"LSSU has a great reputation for placing students in graduate and professional schools. Many of my classmates from LSSU are now pursuing graduate and professional studies at some of the finest universities in Canada and the United States."
"The student-faculty interaction and the ability to conduct research at the undergraduate level really helped me to achieve success in a competitive graduate program. My professors at LSSU were always interested in helping us succeed."
Luke Fera of Sault Ste. Marie graduated from LSSU in 2006 with a degree in biology and is now working toward a master's degree in epidemiology at University of Western Ontario in London. He plans to continue his studies in the medical sciences.
Watch Luke on
Officer's Recreation Center
The recreational center was used by soldiers for entertainment purposes. Once
the fort was converted to a university, the recreation center was used by students
for dances and sporting events, until it burned down. A storage facility now
stands in its place, used by students living on officer's row.
The fort library was used as a library for one year after the fort was converted to a campus for Sault Branch and then converted to married student apartments. After being housed in South Hall for many years, a new library building was built in 1971 and named after Dr. Kenneth Shouldice, who is credited with transforming Lake Superior State college into the University it is today.
The warehouses, hospital and machine shops were eventually replaced by the Cisler
Center, CANUSA Hall and CASET Building. After the fort was bought by the state
of Michigan the buildings were used for classrooms and storage facilities. The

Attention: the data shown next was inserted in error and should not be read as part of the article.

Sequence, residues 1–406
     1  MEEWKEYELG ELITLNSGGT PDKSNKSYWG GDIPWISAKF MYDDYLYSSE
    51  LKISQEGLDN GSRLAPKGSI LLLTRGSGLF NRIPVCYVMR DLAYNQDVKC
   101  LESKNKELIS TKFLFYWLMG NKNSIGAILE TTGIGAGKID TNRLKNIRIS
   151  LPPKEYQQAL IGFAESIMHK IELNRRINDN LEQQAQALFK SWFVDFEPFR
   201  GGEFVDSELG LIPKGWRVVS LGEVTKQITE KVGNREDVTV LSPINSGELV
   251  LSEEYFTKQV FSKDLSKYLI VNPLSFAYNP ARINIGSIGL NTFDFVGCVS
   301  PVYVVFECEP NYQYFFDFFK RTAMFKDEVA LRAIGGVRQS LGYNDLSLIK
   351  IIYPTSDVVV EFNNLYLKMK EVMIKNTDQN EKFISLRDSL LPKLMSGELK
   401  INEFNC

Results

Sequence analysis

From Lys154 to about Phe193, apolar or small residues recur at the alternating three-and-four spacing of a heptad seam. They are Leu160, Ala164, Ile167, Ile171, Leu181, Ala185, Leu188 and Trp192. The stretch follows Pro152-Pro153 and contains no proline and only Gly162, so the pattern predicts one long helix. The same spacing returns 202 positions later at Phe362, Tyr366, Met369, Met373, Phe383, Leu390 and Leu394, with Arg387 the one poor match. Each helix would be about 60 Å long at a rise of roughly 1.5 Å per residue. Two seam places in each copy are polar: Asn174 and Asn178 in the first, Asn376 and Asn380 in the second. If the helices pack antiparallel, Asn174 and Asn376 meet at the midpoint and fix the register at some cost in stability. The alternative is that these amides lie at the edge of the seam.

machine shops were used for heavy machine laboratories and drawing laboratories
for engineering students. The hospital was used for chemistry, history, political
science and geology classes and offices.
South Hall's Twin & Cafeteria
The infantry barracks were composed of twin buildings, one of which burned down
in the early 1960's. Instead of rebuilding that section of the building a decision
was made to build Crawford Hall, a new facility that would be adequate for scientific
research. During the fire, the fort cafeteria, the structure connecting South
Hall to its twin, was also destroyed.
An auditorium was built for Fort Brady in 1939 for use as a classroom for troops
stationed there. The auditorium was used by the university until it was destroyed
by fire in the early 1960s. Crawford Hall was built in its place.
"The opportunity at LSSU to do research is amazing. This past summer I motored through coves and islands with Prof. Garvon surveying water birds for the affects of pollution. I spent the other part of my summer on the shore of Lake Superior monitoring nests of the endangered Piping Plover."